Tuscaloosa. — Explore the visionary landscape of the medieval Book of Revelation with one of its eminent scholars, Dr. Richard K. Emmerson. Dr. Emmerson will deliver a public lecture, “Apocalypse Illuminated,” on Tuesday, September 11, 2018 at 6:30 pm in Smith Hall 205 on UA campus.Page from a Spanish Apocalypse: Silos Apocalypse: Northern Spain, c.1100, British Library Add. MS 11695, ff.147v-148.

Richard K. Emmerson is Dean Emeritus of the School of Liberal Arts at Manhattan College, former Professor and Chair of Art History at Florida State University, and currently Visiting Distinguished Professor at FSU. He has served as Deputy Director of Fellowships at the National Endowment for the Humanities and as Executive Director of the Medieval Academy of America, and has edited SpeculumStudies in Iconography, and Traditio. A Fellow of the Medieval Academy, he received the Medieval Academy Award for Excellence in Teaching Medieval Studies in 2009.

Dr. Emmerson’s research focuses on medieval apocalypticism and its representation in art, drama, and visionary poetry. He has published seven books, including Antichrist in the Middle Ages: A Study of Medieval Apocalypticism, Art, and Literature (1981), The Apocalyptic Imagination in Medieval Literature (1992, with Ronald B. Herzman), and The Apocalypse in the Middle Ages (1993, with Bernard McGinn). His most recent book, studying the seven-hundred year history of medieval Apocalypse manuscripts, is Apocalypse Illuminated: The Visual Exegesis of Revelation in Medieval Manuscripts, published by Pennsylvania State University Press in 2018. He has authored more than fifty articles, many Dr. Richard K. Emmerson will speak on apocalyptic images in the Book of Revelation, Sep. 11, 2018.studying word-image relationships in medieval illustrated manuscripts. Recent essays include “On the Threshold of the Last Days: Negotiating Image and Word in the Apocalypse of Jean de Berry,” in Exploring the Threshold of Medieval Visual Culture (2012); “Visualizing the Visionary: John in his Apocalypse,” in Looking Beyond: Visions, Dreams and Insights in Medieval Art and Thought (2010); “Framing the Apocalypse: The Performance of John’s Life in the Trinity Apocalypse,” in Visualizing Medieval Performance (2008); “Visualizing the Vernacular: Middle English in Early Fourteenth-Century Bilingual and Trilingual Manuscript Illustrations,” in Studies in Manuscript Illumination: A Tribute to Lucy Freeman Sandler (2008); “A ‘Large Order of the Whole’: Intertextuality and Interpictoriality in the Hours of Isabella Stuart,” Studies in Iconography (2007); and “The Representation of Antichrist in Hildegard of Bingen’s Scivias: Image, Word, Commentary, and Visionary Experience,” Gesta (2002).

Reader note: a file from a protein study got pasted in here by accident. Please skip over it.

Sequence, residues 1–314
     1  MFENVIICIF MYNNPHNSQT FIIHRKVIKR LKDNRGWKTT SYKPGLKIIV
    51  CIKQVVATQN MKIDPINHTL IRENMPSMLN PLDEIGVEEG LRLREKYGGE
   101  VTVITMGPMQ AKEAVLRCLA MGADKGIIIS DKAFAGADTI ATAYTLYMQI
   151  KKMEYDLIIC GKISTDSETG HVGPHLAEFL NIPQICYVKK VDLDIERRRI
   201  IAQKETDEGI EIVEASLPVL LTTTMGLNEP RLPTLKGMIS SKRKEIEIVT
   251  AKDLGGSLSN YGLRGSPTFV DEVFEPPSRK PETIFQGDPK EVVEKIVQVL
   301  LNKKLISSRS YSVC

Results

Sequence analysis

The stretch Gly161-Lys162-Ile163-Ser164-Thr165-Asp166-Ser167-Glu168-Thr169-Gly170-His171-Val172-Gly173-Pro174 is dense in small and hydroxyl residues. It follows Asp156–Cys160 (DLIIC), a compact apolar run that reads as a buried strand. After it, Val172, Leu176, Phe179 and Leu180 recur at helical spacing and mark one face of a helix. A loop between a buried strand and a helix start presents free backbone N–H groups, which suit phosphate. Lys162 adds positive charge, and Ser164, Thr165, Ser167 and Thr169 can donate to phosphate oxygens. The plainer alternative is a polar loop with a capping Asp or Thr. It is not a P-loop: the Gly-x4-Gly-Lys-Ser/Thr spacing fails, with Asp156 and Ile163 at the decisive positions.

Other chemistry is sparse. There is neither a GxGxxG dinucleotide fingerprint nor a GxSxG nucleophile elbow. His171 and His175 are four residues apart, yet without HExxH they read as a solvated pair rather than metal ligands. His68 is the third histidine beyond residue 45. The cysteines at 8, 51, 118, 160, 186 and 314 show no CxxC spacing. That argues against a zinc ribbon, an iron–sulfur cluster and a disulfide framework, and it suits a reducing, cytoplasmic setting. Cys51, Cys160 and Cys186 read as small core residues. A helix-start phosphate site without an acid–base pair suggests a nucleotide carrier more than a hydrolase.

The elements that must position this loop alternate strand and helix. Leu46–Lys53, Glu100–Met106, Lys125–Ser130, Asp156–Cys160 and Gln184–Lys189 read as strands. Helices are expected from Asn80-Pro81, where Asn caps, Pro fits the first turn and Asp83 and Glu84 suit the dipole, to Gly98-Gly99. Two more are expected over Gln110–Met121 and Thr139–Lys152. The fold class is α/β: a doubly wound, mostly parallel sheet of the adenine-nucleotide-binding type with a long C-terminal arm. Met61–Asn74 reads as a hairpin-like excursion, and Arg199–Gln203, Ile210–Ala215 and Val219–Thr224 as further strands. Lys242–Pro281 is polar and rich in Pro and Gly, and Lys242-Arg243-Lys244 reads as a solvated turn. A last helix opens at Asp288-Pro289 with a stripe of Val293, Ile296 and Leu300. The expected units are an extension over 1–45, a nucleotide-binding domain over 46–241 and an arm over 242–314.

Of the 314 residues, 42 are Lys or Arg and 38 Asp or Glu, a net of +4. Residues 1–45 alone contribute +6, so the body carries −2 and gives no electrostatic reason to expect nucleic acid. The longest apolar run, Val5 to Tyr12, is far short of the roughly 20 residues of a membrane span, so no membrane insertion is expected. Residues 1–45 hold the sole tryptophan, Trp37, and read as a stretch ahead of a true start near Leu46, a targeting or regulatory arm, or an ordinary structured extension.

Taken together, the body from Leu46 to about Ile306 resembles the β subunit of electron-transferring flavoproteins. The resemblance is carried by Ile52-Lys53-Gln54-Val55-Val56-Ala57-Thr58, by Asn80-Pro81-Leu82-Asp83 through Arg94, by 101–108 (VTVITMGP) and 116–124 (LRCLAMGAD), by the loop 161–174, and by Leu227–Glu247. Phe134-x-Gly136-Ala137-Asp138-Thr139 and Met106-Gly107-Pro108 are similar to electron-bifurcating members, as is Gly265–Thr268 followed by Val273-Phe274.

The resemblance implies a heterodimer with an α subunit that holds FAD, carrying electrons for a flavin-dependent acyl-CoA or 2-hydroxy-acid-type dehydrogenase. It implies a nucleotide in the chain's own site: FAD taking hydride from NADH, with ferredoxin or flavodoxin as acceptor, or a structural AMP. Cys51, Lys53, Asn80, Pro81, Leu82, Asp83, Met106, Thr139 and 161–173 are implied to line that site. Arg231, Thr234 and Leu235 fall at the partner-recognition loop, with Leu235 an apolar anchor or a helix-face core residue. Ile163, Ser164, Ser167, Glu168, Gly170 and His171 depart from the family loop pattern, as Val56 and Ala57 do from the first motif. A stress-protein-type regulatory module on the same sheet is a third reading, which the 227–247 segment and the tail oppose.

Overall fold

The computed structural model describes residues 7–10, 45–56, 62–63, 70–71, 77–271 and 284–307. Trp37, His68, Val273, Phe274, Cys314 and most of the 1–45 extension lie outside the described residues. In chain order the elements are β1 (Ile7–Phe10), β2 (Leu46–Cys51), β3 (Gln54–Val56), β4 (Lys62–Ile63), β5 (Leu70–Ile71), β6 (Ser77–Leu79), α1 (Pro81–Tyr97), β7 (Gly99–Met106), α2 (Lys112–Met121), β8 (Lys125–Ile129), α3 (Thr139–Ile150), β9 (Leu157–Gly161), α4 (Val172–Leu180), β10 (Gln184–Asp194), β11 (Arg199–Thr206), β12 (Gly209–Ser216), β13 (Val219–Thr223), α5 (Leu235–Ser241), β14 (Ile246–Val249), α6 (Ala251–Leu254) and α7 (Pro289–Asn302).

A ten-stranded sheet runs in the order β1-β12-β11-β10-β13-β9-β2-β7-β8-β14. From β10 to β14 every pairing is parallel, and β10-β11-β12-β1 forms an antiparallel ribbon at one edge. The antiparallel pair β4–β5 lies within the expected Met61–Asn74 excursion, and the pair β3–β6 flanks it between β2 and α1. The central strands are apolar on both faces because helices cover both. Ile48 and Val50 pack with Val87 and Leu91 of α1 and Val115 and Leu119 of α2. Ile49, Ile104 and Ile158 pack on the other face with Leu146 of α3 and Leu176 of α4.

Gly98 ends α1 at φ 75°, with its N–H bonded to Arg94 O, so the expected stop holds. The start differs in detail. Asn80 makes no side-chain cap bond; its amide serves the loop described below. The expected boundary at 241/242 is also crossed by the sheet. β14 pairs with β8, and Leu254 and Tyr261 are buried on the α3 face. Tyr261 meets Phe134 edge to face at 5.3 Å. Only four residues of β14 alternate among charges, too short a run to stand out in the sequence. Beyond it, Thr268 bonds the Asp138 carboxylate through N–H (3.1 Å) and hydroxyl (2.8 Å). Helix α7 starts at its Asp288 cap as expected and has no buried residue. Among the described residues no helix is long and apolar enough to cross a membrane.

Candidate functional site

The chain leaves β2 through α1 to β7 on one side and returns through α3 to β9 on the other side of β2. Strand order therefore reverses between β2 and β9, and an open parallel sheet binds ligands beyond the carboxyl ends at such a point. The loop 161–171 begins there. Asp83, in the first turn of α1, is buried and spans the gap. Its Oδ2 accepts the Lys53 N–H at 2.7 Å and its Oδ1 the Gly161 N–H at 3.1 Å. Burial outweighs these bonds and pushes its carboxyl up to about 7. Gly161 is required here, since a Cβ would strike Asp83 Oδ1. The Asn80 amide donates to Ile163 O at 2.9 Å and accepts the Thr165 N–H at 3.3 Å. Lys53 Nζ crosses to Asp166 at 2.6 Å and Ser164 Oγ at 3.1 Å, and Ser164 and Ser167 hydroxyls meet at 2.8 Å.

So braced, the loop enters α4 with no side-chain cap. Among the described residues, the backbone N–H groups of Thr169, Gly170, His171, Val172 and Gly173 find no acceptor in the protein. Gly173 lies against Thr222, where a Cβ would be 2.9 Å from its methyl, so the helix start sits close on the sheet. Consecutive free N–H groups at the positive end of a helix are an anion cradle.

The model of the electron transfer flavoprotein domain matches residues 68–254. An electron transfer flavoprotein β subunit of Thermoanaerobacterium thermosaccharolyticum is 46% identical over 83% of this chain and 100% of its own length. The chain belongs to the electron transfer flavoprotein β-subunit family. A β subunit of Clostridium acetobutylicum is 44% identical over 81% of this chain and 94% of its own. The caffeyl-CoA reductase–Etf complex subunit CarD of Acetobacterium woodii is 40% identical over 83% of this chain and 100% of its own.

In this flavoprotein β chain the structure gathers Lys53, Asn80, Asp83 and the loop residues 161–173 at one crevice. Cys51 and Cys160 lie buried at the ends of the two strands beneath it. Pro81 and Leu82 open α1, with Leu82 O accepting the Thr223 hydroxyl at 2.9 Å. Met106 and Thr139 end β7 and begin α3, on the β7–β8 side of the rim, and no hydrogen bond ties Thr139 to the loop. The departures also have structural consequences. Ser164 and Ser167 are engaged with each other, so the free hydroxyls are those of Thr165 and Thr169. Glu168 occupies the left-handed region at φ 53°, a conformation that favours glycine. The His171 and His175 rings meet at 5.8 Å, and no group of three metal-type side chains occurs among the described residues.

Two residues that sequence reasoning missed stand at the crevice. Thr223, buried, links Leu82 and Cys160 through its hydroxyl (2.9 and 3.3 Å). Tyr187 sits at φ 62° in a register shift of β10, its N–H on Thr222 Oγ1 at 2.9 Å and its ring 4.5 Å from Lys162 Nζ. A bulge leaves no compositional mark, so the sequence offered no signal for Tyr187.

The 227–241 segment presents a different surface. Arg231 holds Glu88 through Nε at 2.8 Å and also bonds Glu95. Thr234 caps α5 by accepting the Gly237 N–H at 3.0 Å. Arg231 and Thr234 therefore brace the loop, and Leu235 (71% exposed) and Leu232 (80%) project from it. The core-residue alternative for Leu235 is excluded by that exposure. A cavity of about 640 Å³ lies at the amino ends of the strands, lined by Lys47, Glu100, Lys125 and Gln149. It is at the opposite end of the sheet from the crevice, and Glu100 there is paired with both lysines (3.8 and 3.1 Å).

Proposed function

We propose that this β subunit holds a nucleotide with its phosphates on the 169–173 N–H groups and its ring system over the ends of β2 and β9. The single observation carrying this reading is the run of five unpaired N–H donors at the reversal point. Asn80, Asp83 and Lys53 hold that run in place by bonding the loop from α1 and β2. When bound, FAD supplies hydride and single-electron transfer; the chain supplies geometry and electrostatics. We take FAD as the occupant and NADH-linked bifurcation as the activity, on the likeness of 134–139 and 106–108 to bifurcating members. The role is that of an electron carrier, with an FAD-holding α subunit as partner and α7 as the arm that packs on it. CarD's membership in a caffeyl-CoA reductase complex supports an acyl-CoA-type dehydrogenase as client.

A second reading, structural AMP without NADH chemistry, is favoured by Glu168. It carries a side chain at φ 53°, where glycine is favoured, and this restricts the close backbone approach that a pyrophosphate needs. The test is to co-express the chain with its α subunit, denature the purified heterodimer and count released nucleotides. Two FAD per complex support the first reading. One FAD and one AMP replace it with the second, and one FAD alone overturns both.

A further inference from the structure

Image credit: Silos Apocalypse: Northern Spain, c.1100, British Library Add. MS 11695, ff.147v-148.

Richard K. Emmerson’s lecture is part of the Visiting Artist and Scholar Lecture Series, sponsored by the Department of Art and Art History, the College of Arts and Sciences and the College of Continuing Studies at The University of Alabama. To see our past and future visiting artists and scholars, go here: https://art.ua.edu/resources/visiting-artists/.  

Smith Hall, 427 Sixth Avenue, Tuscaloosa, is a four-minute walk from the Campus Drive Parking Deck and Bus Hub on Hackberry Lane. Information about visitor parking is available here: http://bamaparking.ua.edu/visitor-information/. Parking is free on campus in a legal space after business hours. 

For more information on this or the other speakers in our upcoming Visiting Artist and Scholar Series, contact Rachel Dobson (rachel.dobson@ua.edu) or Pete Schulte (pschulte@ua.edu).